Sunday, July 09, 2006

New York Giants Chad Morton Sues Leigh Steinberg and Dave Kim Over Loans

I post this to make this comment: David Kim should have set up a company with stock and given part of that to Morton, rather than a loan. That's just wasn't the best decision.

NFL's Chad Morton Sues Sports Agents Over Loans

The New York Giants' specialist says O.C.-based representatives haven't paid back $336,000.

By Dave McKibben, LA Times Staff Writer

July 8, 2006

NFL player Chad Morton has alleged in a lawsuit that his former sports agent, Leigh Steinberg, and an associate defaulted on a series of loans totaling $336,000.

Morton, a New York Giants return specialist who starred at USC, alleged in a suit filed in Orange County Superior Court last week that Steinberg and David Kim promised several times over three years to pay him back but did not.

Steinberg, whose offices are in Newport Beach, said he was a minority partner in SLL Enterprises, a company run by Kim, and was initially unaware that Morton had loaned SLL money.

"I was not involved in the initial transaction, and I only later became aware that the transactions had occurred," said Steinberg, who represented Morton until earlier this year. "When I did, I attempted to assist Chad in unraveling the situation."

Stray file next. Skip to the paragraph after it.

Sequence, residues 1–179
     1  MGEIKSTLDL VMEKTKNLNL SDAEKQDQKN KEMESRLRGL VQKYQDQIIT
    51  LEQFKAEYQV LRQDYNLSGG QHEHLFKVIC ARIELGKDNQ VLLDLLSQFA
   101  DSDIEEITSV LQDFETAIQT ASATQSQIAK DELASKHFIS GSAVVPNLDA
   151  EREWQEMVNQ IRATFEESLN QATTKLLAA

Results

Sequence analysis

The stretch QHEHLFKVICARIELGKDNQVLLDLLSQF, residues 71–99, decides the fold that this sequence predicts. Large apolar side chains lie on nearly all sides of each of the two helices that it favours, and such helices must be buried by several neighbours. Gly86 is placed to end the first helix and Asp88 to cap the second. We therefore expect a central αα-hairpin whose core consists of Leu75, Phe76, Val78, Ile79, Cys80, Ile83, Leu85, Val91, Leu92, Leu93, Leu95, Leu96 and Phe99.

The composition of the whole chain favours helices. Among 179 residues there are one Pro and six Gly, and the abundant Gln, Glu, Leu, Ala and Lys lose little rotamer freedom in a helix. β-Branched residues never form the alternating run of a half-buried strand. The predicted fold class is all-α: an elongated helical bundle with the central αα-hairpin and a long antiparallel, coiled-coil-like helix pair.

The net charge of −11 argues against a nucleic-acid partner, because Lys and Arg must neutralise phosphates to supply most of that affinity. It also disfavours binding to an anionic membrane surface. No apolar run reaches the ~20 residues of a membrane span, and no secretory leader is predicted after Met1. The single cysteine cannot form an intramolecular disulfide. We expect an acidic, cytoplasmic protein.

Kim agreed that Steinberg knew nothing about the loans and said he intended to repay Morton.

Kim said he ran the U.S. operations for SLL, which stands for Steinberg, Lee and Lou, with the same Newport Beach business address as Steinberg's sports agency, Tollner, Moon & Steinberg. Kim, who worked at Steinberg's sports agency until earlier this year, said he met Morton while working in USC's athletic department.

He said the loans from Morton were to fund a chain of sports and entertainment ventures throughout China. But Kim said the businesses never got off the ground.

In court papers, Morton alleged that he loaned Kim and Steinberg $300,000 in June 2003.

When the money was not paid back seven months later, Steinberg and Kim offered to repay Morton by giving him a 5% stake in the China business venture, according to the suit. Morton said he agreed but grew frustrated because he was never shown documentation, and he asked for his money back, according to documents.

In December 2004, Morton alleges, the defendants bounced a repayment check of $175,000.

A month later, a $240,000 check from Kim was returned marked for insufficient funds, according to the suit.